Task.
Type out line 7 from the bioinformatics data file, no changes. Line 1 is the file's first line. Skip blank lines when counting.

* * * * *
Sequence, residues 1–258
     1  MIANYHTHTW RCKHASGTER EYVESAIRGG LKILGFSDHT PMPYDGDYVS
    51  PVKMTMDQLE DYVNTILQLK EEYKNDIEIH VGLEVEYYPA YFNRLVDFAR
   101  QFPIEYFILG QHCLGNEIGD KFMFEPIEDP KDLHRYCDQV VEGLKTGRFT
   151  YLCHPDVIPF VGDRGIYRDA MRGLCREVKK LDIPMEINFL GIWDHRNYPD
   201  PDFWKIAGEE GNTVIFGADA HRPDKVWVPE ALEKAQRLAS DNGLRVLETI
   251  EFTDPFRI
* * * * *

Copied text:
   251  EFTDPFRI